After being contacted by another group who couldn’t reproduce the data, the authors failed to, as well. They “have absolutely no explanation for the discrepancies with the original results,” according to the note in PLOS Biology.
It’s an unfortunate turn of events, but failing to replicate is an an all-too-common event in research; authors who are so honest and transparent are clearly “doing the right thing” in our book. When it comes to non-reproducible research, it’s a tough call over whether it should be retracted or not; many scientists in the same position would not have made the same decision.
The researchers were led by Michael Rosbash, a chronobiologist based at Brandeis University and an investigator at the Howard Hughes Medical Institute, who has been studying circadian rhythms for some 30 years.
The retraction note explains how the authors learned of the replication issues:
Our original paper strongly implicated the photoreceptor cryptochrome (CRY) in the response of the Drosophila circadian system to temperature. The claim was based on three findings:
- CRY formed a complex with the two key clock proteins Period (PER) and Timeless (TIM) not only in response to a light pulse but also in response to a 37°C heat pulse.
- A mutant strain missing wild-type CRY did not phase shift in response to a heat pulse, implicating CRY in heat-mediated phase shifts in addition to its well-known importance for light-mediated phase shifts. This mutant phenotype was rescued by expressing wild-type CRY within clock neurons.
- The absence of CRY inhibited the perL effect on another temperature-centric feature of rhythms, temperature compensation of circadian period. The period of perL becomes longer at elevated temperatures, whereas it is essentially unaffected in wild-type flies. We reported that a double mutant strain, expressing PERL and also missing wild-type CRY, recovered normal temperature compensation. In other words, CRY was necessary for PERL to affect temperature compensation, consistent with a PER-CRY interaction.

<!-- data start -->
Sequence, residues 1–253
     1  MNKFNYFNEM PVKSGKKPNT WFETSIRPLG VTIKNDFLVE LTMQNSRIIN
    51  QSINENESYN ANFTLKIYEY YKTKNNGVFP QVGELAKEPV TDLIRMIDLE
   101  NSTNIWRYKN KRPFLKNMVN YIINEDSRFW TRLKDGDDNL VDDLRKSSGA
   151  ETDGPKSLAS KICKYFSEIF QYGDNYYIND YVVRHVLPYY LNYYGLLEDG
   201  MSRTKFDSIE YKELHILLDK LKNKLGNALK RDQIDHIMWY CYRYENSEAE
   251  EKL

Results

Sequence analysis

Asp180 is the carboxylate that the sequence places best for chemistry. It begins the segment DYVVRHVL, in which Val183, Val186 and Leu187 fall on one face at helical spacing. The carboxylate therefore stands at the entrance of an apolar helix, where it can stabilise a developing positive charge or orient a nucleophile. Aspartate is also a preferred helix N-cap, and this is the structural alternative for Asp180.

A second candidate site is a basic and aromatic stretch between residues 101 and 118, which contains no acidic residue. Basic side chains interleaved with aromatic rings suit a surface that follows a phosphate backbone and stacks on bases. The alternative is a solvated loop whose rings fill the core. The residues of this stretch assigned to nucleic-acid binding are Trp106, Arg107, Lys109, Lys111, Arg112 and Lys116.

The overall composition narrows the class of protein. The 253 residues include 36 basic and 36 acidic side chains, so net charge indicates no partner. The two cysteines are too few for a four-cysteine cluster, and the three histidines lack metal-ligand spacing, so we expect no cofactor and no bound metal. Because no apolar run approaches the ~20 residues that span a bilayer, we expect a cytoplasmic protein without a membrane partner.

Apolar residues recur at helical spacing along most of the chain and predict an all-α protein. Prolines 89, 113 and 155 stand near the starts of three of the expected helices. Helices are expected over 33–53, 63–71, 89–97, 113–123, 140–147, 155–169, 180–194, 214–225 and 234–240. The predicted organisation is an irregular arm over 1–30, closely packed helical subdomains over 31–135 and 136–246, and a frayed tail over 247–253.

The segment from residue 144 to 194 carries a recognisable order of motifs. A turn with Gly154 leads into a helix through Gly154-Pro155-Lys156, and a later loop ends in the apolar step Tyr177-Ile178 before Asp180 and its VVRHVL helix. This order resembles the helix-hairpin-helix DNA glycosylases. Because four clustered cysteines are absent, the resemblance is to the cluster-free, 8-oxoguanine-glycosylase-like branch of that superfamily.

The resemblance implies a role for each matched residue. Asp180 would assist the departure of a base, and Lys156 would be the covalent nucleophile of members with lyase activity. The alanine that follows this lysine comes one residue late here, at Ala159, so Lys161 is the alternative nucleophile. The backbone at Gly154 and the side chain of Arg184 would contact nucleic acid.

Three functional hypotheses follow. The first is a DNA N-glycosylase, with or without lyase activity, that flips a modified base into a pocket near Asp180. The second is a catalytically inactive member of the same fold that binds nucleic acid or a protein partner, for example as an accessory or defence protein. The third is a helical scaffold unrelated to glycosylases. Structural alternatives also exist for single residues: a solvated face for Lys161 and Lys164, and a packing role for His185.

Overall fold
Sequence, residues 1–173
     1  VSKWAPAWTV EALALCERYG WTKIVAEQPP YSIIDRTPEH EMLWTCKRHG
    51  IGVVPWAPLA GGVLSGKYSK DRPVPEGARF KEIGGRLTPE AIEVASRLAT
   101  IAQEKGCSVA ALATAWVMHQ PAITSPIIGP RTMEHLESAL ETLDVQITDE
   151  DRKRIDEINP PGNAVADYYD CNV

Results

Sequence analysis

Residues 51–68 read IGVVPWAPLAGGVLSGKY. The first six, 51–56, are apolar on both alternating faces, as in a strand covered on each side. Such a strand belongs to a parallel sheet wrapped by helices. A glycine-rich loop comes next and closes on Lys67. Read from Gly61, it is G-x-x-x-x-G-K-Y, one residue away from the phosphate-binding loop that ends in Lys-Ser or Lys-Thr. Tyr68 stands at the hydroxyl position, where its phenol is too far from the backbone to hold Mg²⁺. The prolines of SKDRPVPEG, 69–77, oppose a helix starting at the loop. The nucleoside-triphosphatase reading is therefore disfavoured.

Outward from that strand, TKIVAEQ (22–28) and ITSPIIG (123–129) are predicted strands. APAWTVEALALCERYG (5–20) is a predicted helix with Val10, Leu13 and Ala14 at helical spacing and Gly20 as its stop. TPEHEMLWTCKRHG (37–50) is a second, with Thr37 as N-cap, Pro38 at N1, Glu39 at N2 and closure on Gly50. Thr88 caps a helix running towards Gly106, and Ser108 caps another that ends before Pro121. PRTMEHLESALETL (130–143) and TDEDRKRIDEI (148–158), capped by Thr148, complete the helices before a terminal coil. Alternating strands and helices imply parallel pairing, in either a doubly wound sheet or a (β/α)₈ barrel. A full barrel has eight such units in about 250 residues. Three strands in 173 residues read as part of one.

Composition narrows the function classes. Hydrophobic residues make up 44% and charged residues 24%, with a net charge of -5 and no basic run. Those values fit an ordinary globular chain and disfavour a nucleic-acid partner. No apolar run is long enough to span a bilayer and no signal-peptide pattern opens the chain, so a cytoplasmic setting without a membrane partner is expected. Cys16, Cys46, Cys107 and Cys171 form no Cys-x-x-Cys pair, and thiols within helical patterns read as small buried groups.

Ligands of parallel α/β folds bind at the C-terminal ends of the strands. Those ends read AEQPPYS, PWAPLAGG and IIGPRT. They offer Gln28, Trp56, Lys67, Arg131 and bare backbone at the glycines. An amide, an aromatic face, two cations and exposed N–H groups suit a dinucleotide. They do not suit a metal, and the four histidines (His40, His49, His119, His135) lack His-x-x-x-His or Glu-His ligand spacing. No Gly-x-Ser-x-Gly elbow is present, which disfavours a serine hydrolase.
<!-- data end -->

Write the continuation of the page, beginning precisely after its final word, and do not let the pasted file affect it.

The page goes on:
We were contacted some months ago by Mike Young and colleagues at The Rockefeller University, who could not repeat the second finding. We subsequently repeated this experiment ourselves and also observed what Young and colleagues told us, i.e., we could not replicate the original observation that implicated CRY in heat-mediated phase shifts. As we no longer had the double mutant strain necessary to repeat the third finding (restoration of proper temperature compensation in a double mutant strain containing the mutant perL chromosome and missing wild-type CRY), we constructed a very similar strain and assayed these perL; cry0 flies for temperature compensation. It was aberrant, essentially indistinguishable from single mutantperL flies. We have therefore failed to reproduce two of the three findings in the original paper.
Although we have absolutely no explanation for the discrepancies with the original results and despite the lack of an attempt to reproduce the first finding (the heat-mediated formation of a CRY-PER-TIM interaction), the failure to reproduce two of the three findings in the original paper compels us to retract the paper. We deeply regret any inconvenience that this has caused the scientific community.
“PER-TIM Interactions with the Photoreceptor Cryptochrome Mediate Circadian Temperature Responses in Drosophila,” published in 2007, has been cited 44 times, according to Thomson Reuters Web of Science.
An author summary of the retracted paper explains the significance of the findings:
The molecular mechanisms underlying light synchronization are reasonably well understood, but an understanding of how temperature affects the circadian clock is lacking. This study demonstrates a striking and unanticipated relationship between light and temperature resetting mechanisms in Drosophila.
The summary continues:
Moreover, the data not only indicate that light and temperature reset the clock through similar mechanisms but also that these two inputs can act synergistically. An interaction between light and temperature may fine-tune the dawn and dusk response of the clock and even contribute to seasonal adaptation of clock function, an emerging area of research in circadian biology.
Mike Young, who had tried to repeat the finding, has also done seminal work in understanding the circadian clocks of fruit flies. Interestingly, Young and Rosbash share multiple awards, including the 2009 Peter and Patricia Gruber Foundation Neuroscience Prize and the 2011 Louisa Gross Horwitz Prize. In a news release for the latter, Young said,
“I’m very grateful to be recognized in this way, and I am especially pleased to share the Horwitz Prize with my colleagues Jeff Hall and Michael Rosbash,” said Young. “The three of us set out on this project when not a thing was known about circadian clocks at the molecular level, and our efforts have been tightly interconnected for nearly 30 years.”
We reached out to Rosbash and Young, and will update this post with anything else we learn.
Hat tip: Gaetan Burgio
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